It is desirable to eliminate the absorber material from an EUVL reticle by introducing a direct modulation in the complex-valued reflectance of an EUVL reticle thin film multilayer.
 It is an object of the present invention to provide a method and apparatus for producing a direct modulation in the complex-valued reflectance of the thin film multilayer of an EUVL reticle.
 It is another object to provide a spatially localized energy source such as a focused electron or ion beam to directly writes a reticle pattern onto the reflective multilayer coating.
 Still another object of the invention is to directly write a reticle pattern onto the reflective multilayer coating by activating interdiffusion within the film by an energy source that causes the multilayer period to contract in the exposed regions.
 These and other objects will be apparent to those skilled in the art based on the disclosure herein.
 The present invention eliminates the absorber material from an EUVL reticle by introducing a direct modulation in the complex-valued reflectance of the multilayer. The reticle pattern is directly written onto the reflective multilayer coating with a spatially localized energy source such as a focused electron or ion beam. The energy source activates interdiffusion within the film that causes the multilayer period to contract in the exposed regions. The contraction is accurately determined by the energy dose. The spatial modulation of the multilayer period produces a controllable variation in the phase and amplitude of the reflected field in the reticle plane. This method for patterning an EUVL reticle has the advantages of (1) avoiding the process steps associated with depositing and patterning an absorber layer and (2) providing control of the phase and amplitude of the reflected field with high spatial resolution.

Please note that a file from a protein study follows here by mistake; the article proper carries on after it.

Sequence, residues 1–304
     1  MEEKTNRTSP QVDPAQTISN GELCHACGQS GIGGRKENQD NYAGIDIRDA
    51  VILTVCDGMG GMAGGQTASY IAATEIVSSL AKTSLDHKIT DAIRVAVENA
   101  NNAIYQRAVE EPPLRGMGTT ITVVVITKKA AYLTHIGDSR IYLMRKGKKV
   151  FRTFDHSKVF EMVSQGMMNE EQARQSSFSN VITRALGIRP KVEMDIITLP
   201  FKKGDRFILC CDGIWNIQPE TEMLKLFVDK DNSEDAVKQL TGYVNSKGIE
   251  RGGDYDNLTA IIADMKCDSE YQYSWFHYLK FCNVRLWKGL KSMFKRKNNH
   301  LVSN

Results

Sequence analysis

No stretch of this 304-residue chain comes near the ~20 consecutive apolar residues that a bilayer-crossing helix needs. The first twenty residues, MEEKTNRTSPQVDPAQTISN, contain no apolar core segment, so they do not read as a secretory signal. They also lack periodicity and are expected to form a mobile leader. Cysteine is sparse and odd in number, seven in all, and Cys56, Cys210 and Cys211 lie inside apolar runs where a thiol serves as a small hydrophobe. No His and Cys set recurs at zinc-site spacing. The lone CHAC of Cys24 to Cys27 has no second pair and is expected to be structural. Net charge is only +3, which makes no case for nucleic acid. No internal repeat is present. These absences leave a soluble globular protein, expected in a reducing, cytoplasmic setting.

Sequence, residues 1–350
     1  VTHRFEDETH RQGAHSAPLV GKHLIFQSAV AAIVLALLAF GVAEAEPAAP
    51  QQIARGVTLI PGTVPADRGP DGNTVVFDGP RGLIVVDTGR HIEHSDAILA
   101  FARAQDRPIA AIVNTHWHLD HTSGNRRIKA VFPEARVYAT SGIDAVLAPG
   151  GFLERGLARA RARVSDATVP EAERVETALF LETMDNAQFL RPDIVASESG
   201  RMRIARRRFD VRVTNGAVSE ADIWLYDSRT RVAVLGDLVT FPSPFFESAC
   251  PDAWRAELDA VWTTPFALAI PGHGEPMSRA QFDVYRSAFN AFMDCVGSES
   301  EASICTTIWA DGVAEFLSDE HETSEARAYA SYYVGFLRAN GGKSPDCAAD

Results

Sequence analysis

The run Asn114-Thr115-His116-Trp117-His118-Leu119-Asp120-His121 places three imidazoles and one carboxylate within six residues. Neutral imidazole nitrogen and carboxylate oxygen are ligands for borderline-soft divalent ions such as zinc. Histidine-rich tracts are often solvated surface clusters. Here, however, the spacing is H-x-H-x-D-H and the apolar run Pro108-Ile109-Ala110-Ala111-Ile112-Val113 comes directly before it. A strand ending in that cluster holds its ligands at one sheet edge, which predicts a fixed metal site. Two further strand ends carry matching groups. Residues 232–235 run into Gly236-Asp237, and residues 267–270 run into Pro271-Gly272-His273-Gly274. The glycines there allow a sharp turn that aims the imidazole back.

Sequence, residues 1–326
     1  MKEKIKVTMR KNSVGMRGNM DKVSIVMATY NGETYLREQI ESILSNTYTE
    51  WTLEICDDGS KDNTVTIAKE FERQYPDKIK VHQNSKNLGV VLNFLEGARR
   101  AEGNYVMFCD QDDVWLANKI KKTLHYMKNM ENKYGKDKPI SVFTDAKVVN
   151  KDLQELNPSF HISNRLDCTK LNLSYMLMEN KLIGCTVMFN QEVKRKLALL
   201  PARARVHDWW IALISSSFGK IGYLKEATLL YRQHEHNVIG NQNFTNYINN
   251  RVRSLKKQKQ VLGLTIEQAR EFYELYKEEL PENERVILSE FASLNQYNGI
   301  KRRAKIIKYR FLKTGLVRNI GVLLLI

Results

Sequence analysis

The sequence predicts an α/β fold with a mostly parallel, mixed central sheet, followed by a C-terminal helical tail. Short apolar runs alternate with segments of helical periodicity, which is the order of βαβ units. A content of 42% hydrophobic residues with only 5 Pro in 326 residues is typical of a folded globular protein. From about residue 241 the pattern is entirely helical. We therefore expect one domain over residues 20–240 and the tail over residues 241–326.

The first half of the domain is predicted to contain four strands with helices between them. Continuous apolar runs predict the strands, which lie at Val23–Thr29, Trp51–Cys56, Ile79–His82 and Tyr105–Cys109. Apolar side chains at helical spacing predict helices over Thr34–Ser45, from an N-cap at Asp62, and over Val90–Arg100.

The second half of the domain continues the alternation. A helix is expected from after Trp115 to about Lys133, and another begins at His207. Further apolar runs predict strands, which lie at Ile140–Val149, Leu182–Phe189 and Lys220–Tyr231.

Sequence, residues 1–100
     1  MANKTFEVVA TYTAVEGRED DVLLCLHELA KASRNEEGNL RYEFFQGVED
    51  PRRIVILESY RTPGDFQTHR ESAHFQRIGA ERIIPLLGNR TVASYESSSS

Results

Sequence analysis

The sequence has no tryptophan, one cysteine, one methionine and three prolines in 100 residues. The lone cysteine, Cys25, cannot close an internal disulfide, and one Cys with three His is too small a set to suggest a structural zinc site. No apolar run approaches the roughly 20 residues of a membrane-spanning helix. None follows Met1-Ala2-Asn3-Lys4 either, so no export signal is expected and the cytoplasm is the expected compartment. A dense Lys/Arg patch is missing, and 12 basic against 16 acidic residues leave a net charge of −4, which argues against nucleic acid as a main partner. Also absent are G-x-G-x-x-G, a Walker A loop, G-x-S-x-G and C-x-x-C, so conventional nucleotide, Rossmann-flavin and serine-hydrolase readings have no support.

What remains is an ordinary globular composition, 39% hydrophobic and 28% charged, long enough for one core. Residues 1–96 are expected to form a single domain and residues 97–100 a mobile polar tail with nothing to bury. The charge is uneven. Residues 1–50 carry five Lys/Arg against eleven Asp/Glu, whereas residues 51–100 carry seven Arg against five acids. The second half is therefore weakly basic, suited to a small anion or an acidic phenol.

This invention has the potential to impact the extreme ultraviolet lithography (EUVL) system currently under development at Lawrence-Livermore National Laboratory (LLNL). In addition to strong commercial applications (see below), EUVL has the potential to impact government programs such as ASCII.
 There is a strong commercial driving force for increased miniaturization in electronic devices, and hence an extreme ultraviolet lithography (EUVL) tool has significant commercial potential. For EUVL to be commercially viable the cost of ownership must be reasonable, and one of the more expensive components is the EUVL reticle. This invention reduces the cost of EUVL reticles by eliminating the need for patterned absorber layers on the multilayer-coated reticles
FIG. 1A shows a typical prior art reticle blank.